Memorial Day is a day to honor American soldiers, particularly the men and women who died serving in the armed forces.
(Article by Daily Herald, republished from http://www.austindailyherald.com/2016/06/editorial-set-politics-aside-for-a-higher-cause/)
That’s why we were disappointed when a Memorial Day speaker in Austin spent more time voicing political views than speaking about veterans and their sacrifice.
A featured speaker spent the bulk of a speech talking on how America needs to move past the need to be politically correct, tying the argument loosely to veterans by speaking against calls to remove a Civil War memorials, particularly Confederate memorials.
“Let’s stop this PC [politically correct] movement. We need to be Americans again,” the speaker said.
There’s nothing wrong with such an opinion, and people can choose to agree or disagree with the sentiment. After all, the soldiers we honor on Memorial Day died fighting to secure such freedoms as the free exchange of ideas.
But that doesn’t mean a Memorial Day ceremony is the proper place to voice such opinions. In fact, we believe it’s the wrong time and place for such discourse and discussion.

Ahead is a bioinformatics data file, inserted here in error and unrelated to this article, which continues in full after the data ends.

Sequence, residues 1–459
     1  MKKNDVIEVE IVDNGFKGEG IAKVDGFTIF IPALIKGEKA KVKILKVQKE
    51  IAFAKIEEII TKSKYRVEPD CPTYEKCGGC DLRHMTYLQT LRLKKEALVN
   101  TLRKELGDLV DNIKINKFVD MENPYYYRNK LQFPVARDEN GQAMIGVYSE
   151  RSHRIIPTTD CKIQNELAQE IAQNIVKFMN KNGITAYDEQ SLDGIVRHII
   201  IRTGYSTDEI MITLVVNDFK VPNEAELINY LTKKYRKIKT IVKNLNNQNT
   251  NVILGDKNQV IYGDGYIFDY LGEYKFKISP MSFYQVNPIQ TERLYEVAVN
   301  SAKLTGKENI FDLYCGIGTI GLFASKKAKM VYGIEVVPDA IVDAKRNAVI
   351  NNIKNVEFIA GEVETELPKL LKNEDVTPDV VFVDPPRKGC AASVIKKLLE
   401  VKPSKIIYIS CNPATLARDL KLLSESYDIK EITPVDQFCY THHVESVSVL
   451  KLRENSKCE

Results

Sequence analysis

The speaker finished with a few words about how there are fewer World War II veterans with many passing over time, as he added how it’s important for young people to know about “the greatest generation.” A greater focus on their sacrifice, especially since several young people were present, would have been welcome. With the Austin High School band and many Boy Scouts in attendance, a prime educational opportunity was missed. It would have served as a perfect and proper time to tell them more stories of those World War II veterans.
We all hold different opinions, and the right to express such opinions is one the greatest things about our country. That’s why the men and women who died to secure and maintain such freedoms deserve better. They deserve at least a few moments when we can come together and put our views aside to honor their sacrifice. We owe it to veterans to unify under the common cause of thanking them for their service and sacrifice, whether they are alive to celebrate with us or gave the ultimate sacrifice.
In future years, we call on people to leave politics at home for one day — or even a few hours. After all, we have 364 other days in the year and countless other platforms to voice our political opinions.
Read more at: http://www.austindailyherald.com/2016/06/editorial-set-politics-aside-for-a-higher-cause/